Review: Hyperbole and a Half

Hyperbole and a Half

Title: Hyperbole and a Half
Author: Allie Brosh
Published: October 29th 2013 by Touchstone
Purchase: Book Depository | Amazon
This is a book I wrote. Because I wrote it, I had to figure out what to put on the back cover to explain what it is. I tried to write a long, third-person summary that would imply how great the book is and also sound vaguely authoritative–like maybe someone who isn’t me wrote it–but I soon discovered that I’m not sneaky enough to pull it off convincingly. So I decided to just make a list of things that are in the book:
Pictures, Words, Stories about things that happened to me, Stories about things that happened to other people because of me, Eight billion dollars*, Stories about dogs, The secret to eternal happiness*
*These are lies. Perhaps I have underestimated my sneakiness!

There were many attempts to write my review wittier than I really am. I had the unrealistic dream that somehow the humour of Hyperbole and a Half would become a quality I would now possess. I think I had quite a few unrealistic dreams while reading this book like I’d meet Allie Brosh and she’d become my best friend, or there’d immediately be a sequel upon finishing the book.

It’s very easy to make me laugh. This trait combined with a really funny book lead to full on snorting, crying and quick glances around to see if people were whispering about my giggling outbursts. Hyperbole and a Half is fantastic, it’s such a good pick me up book and on a few occasions I identified with Allie Brosh’s neurosis. I adore her drawings, wonderfully crude with magnificent expressions. They were so spot on for the awkward, funnily mundane stories told – her menacing habits as a child to her uncontrollable dogs to stalking, bullying birds. It was the best. THE BEST!

I can’t recall the last time I had so much fun reading a book or ever laughing so much while reading, I definitely recommend it to everyone. You can check out her blog if you want to be introduced to her storytelling or just desire more of it.

4 Stars

Review: Sisterhood Everlasting

Sisterhood Everlasting

Title: Sisterhood Everlasting (Sisterhood #5)
Author: Ann Brashares
Published: June 14th 2011 by Random House
Purchase: Book Depository | Amazon
Tibby, Lena, Carmen, and Bridget have grown up, starting their lives on their own. And though the jeans they shared are long gone, the sisterhood is everlasting.

Despite having jobs and men that they love, each knows that something is missing: the closeness that once sustained them. Carmen is a successful actress in New York, engaged to be married, but misses her friends. Lena finds solace in her art, teaching in Rhode Island, but still thinks of Kostos and the road she didn’t take. Bridget lives with her longtime boyfriend, Eric, in San Francisco, and though a part of her wants to settle down, a bigger part can’t seem to shed her old restlessness.

Then Tibby reaches out to bridge the distance, sending the others plane tickets for a reunion that they all breathlessly await. And indeed, it will change their lives forever—but in ways that none of them could ever have expected.

As moving and life-changing as an encounter with long-lost best friends, Sisterhood Everlasting is a powerful story about growing up, losing your way, and finding the courage to create a new one.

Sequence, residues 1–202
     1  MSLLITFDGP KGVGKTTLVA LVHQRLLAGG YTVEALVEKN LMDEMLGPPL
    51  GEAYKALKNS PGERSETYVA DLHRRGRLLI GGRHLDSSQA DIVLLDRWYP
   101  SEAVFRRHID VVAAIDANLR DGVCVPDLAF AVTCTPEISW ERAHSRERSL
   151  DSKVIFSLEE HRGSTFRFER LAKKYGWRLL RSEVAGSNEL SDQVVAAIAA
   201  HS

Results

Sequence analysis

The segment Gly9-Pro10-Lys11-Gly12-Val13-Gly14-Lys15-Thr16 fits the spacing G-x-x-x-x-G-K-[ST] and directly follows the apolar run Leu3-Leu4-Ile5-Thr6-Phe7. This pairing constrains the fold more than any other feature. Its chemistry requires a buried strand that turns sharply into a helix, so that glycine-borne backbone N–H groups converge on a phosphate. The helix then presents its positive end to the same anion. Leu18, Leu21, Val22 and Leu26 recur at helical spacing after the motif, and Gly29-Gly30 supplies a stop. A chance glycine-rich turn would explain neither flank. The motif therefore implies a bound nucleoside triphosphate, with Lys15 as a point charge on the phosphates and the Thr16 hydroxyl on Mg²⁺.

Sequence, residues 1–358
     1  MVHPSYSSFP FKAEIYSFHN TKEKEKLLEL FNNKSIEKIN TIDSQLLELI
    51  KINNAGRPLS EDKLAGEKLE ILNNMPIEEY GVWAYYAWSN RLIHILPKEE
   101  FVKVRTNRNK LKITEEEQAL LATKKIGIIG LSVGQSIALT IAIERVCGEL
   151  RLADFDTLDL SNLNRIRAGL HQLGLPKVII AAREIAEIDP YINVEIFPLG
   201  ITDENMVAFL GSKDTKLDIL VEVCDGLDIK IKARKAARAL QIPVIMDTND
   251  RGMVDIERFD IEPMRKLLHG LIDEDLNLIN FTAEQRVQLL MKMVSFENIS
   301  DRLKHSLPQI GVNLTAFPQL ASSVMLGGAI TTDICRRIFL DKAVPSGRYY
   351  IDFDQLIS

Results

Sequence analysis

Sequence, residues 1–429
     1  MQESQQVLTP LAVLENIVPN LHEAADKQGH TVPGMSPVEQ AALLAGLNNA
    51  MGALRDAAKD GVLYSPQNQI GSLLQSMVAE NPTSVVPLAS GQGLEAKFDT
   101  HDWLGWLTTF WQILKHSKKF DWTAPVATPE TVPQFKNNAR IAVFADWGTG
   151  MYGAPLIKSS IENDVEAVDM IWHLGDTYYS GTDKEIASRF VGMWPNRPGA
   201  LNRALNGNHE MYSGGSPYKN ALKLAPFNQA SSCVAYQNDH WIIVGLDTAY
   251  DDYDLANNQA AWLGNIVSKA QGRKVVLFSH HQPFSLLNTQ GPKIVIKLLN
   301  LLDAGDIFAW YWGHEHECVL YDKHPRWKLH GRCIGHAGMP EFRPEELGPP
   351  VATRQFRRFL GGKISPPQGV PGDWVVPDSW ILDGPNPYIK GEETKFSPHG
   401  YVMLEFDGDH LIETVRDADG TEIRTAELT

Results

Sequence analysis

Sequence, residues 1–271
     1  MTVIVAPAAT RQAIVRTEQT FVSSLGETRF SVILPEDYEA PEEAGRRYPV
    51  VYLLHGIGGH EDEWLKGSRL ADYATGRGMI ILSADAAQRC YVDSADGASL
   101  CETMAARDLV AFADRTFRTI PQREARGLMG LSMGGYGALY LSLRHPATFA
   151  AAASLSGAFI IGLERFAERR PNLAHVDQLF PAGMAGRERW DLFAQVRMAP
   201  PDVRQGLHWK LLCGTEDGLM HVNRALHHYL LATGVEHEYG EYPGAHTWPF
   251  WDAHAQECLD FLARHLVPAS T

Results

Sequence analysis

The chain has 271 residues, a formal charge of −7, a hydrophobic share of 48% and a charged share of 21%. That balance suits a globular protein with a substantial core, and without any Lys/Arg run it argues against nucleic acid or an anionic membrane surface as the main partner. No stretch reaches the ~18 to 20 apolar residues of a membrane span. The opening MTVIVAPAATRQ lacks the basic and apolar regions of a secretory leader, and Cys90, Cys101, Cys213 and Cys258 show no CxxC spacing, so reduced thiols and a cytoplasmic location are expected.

From the reviews I’ve read I was expecting the bittersweet conclusion of my favourite childhood series to be completely horrific but to my surprise I quite enjoyed it. That doesn’t mean Sisterhood Everlasting wasn’t like a dagger to the heart and it definitely wasn’t a return to the close knit group of friends I once loved. It was painful, heart wrenching, frustrating and at times, hopeless.

The book begins with a grim tone as the sisterhood are separated and the girls are struggling with the realities of adulthood, until a reunion is planned setting in motion a mind shattering and tragic event. Much of the book explores how the characters respond to this tragedy and the book becomes infinitely more heavy and depressing. Like the characters in the book, I was left confused, hurt and questioning the motivation behind the author’s decisions.

Once the initial shock wore off, I felt myself being wrapped in Ann Brashares’ words, they’re kind and raw and comforting. They’re the kind of words you want to hold on to and get lost in. Bee, Tibby, Carmen and Lena are all very flawed characters. Even when I was annoyed and frustrated with them, I just wanted to hug them. Their love, loyalty and strength of friendship are easy to identify with, these are the reasons why I enjoyed this book so much.

The plot is character driven, it is a story about love, loss and finding your way. It’s the coming of age of people in their late 20’s. Some of the turning points in the book felt too well constructed and at times unbelievable and three quarters in I was starting to get tired with the slow plot progression. The ending, although bittersweet, felt completely satisfying.

Overall, I really enjoyed revisiting the group of friends my childhood self aspired to be like. I loved the way Ann Brashares described each of her characters’ emotions even if I didn’t always agree with the direction of the plot. Fans of this series should definitely go into this conclusion with caution and be prepared for an unhappy but hopeful book. If you haven’t read this series, it’s a great summer read and I highly recommend it.

3.5 Stars